Wednesday, June 24, 2009

Pruning my project

Warning to gardeners: What you are about to read may be difficult. What has happened in our yard may very well be disturbing and appalling to you. For any offense you suffer, I am incredibly sorry.

We have lived in our house here in Minnesota for two full years, and I just recently looked around to take stock of the plants that grow in our yard. I have noticed their presence, but my yardwork over the last two years (or should I say war waged) has been with the dandelions that seem to think they are the rightful owners of this property. At any rate, we are starting to get the yard under control, and in a recent dry spell I had time and energy to look more intently at the plants.

Just outside our front door are five large and generally overgrown Bridal White Spirea. Last year my husband took a buzz saw, okay, so it wasn’t a buzz saw, but rather a trimmer. His approach to these plants, however, was much closer to that of a hack than a meticulous gardener. The plants were overgrown last year too, so he trimmed them down to get the scraggly limbs under control. I can sense the gardeners bristling because I am fairly certain that my lingo gives me away. I truly have no idea what I am doing. I don’t remember what time of year my husband hacked, or if it was a good time for the plant. I don’t think he did it when they were blooming, but I am certain we put those bushes under a lot of stress because of our lack of knowledge.

So this year, the plants started to get over grown again, but I noticed that several of the branches were completely void of leaves and flowers. A large portion of the plant was essentially sitting in the middle of the bush… dead. The flourishing branches had become intertwined with the dead ones, and it was hard to distinguish between the two at times.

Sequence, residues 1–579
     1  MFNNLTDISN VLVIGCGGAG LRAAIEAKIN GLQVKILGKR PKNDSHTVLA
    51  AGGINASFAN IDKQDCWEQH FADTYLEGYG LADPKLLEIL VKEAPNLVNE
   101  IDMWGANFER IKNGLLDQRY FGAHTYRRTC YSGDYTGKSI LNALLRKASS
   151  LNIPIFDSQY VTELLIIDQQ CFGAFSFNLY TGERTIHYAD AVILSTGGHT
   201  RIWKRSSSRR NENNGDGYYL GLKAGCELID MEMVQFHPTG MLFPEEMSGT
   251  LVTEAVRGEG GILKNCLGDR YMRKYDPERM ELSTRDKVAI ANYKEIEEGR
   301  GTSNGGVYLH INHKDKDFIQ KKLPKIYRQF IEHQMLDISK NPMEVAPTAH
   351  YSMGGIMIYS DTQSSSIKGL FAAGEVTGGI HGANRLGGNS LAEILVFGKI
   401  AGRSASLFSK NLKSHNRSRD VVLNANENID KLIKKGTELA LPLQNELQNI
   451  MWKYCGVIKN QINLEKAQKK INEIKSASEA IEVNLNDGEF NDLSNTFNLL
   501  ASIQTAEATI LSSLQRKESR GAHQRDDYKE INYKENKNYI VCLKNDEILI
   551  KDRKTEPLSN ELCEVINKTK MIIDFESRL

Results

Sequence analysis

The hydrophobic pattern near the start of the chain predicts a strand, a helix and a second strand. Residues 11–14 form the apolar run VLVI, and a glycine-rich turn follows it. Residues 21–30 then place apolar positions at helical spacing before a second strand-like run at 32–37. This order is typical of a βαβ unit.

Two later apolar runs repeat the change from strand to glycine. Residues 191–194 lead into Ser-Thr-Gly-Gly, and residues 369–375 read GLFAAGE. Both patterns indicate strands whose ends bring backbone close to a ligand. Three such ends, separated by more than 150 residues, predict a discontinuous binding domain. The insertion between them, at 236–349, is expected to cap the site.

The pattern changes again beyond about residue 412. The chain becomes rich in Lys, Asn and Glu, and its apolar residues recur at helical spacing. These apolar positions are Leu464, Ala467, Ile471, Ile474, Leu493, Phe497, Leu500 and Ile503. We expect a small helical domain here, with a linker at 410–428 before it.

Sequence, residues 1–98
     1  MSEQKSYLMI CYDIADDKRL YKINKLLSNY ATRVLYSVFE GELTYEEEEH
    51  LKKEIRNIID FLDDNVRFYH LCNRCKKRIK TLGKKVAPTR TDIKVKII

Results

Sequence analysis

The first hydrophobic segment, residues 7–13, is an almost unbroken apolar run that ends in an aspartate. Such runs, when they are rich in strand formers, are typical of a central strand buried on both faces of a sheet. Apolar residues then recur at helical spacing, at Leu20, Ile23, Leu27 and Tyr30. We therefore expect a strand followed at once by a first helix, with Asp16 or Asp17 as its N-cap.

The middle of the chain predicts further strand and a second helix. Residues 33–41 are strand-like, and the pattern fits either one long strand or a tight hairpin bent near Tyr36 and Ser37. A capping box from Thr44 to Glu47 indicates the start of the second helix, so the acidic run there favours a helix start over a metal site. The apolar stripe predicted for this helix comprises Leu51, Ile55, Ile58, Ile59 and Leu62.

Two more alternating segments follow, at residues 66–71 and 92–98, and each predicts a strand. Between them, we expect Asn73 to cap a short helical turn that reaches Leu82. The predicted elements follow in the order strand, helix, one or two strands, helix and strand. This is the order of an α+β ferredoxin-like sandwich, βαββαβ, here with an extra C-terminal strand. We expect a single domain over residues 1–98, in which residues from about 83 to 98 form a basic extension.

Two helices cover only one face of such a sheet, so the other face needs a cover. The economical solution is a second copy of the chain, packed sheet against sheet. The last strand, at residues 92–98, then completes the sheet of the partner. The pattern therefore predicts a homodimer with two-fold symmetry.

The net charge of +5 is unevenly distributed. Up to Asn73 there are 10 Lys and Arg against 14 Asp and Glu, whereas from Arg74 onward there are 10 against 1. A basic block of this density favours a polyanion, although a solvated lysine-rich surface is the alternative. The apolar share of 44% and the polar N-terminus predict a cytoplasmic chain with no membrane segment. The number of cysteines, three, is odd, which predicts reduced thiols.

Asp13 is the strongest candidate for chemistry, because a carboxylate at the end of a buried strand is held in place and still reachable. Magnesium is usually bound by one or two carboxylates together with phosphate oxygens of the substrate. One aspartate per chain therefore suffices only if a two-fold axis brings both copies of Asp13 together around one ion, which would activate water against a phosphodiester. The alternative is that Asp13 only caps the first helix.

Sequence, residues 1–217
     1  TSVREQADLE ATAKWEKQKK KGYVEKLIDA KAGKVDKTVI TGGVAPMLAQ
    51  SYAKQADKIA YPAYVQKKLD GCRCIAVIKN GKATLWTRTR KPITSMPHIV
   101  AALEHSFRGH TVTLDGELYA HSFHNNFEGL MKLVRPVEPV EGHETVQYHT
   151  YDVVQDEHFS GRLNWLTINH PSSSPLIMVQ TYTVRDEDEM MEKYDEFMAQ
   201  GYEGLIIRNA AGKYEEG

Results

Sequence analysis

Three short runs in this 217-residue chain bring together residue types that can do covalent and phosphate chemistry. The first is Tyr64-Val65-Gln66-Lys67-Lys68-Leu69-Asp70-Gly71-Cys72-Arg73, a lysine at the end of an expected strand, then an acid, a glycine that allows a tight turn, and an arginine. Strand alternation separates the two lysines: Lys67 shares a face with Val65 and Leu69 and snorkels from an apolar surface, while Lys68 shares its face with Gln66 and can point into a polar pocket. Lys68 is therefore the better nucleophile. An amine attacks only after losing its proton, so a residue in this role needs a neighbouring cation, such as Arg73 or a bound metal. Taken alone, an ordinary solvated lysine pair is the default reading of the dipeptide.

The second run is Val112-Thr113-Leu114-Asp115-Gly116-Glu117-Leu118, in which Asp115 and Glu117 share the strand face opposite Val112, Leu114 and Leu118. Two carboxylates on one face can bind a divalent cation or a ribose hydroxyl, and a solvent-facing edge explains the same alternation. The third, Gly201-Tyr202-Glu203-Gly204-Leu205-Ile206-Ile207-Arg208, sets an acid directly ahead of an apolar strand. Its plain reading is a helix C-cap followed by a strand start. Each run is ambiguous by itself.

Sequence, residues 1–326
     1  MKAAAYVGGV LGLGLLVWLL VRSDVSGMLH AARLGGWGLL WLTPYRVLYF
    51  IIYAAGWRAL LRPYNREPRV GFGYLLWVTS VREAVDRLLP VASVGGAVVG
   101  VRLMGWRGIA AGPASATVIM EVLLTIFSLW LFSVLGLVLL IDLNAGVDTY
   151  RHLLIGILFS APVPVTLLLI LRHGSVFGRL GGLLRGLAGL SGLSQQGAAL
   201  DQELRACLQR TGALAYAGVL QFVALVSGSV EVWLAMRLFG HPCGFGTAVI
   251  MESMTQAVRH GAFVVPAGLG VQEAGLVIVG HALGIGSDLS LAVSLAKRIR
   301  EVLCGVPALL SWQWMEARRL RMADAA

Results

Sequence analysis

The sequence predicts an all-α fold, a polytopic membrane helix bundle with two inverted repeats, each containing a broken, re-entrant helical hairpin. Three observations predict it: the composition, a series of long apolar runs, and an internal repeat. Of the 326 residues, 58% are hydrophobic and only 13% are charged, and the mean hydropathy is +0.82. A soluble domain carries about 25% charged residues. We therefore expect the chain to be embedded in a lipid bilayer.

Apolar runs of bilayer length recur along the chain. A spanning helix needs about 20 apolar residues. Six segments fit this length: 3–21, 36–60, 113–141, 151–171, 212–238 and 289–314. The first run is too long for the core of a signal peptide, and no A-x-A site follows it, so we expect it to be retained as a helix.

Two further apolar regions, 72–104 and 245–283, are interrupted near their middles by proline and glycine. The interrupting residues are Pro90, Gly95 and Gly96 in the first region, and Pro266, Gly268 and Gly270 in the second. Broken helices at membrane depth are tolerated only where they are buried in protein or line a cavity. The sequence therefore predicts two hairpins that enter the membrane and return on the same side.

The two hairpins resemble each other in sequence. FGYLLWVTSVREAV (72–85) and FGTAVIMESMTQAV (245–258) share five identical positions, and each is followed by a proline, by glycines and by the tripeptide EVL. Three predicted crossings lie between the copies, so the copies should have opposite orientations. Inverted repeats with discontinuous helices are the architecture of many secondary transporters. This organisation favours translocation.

So, I got on this pruning kick. I wanted to get some of the dead branches removed so that the plants looked better. As I started to tear away those branches that were dead, I realized that nearly two-thirds of the bush was lying on my sidewalk while the scraggly third that remained looked thinned out and sad. It looked better without the dead portion taking up space, but I worried for the little bit that was left.

Within a day, the branches that remained were full of flowers and blooming beautifully. I could tell the plant was breathing a sigh of relief to have all of that dead weight removed from the innermost parts.

The pruning had to happen, and I think I may be able to save the plants after all, but in the pruning process I discovered another metaphor by which I can identify a stage in my life.

Nearly 6 years ago, I started a book project about marriage that literally changed my life. I set out on a journey to discover answers to questions that I had about my own marriage. It was a critical point in my life as a mother of two small children in the midst of moving from house to house. It was a hard time, and the research project provided me an intellectual and emotional outlet that felt phenomenal.

That was the growth of a big, healthy plant. Life continued, I concluded the research, I occasionally dabbled in the writing, but I was unable to fully complete this project that I had started. Part of the reason, I justified, was because we had a third child, we moved two more times, and I started to work, full time and then part-time. Parts of the plant died away because they were no longer necessary to complete the project. I had not recognized the distraction that my book provided, and it was a constructive form of addiction…for a while. As I started to actually get the answers I had sought about prioritizing in my marriage, working through some of my own personal issues, and soaking up the all-too precious time with our kids, I didn’t need the project any more.

I don’t really need it now either, but I see the strong branches that remain from that original bush. I have seen what truths and beauty they retained while fighting through the dead and dying parts of the plant, and I am motivated to share. I have been helped so much by this project, I feel it would be a travesty to let the plant simply get choked out. Someone needs to prune, take out the dead branches and give this plant a chance to grow again.

I don’t doubt that the next phase of sharing and soliciting publishers will be a stressful time, but I intend to pay attention now. I will meticulously shape instead of hack and I will take care to guard this precious gift that I was given by all those women who volunteered to share their lives and their experiences in marriage. It is my thank you to them to pay it forward…and finish writing it down.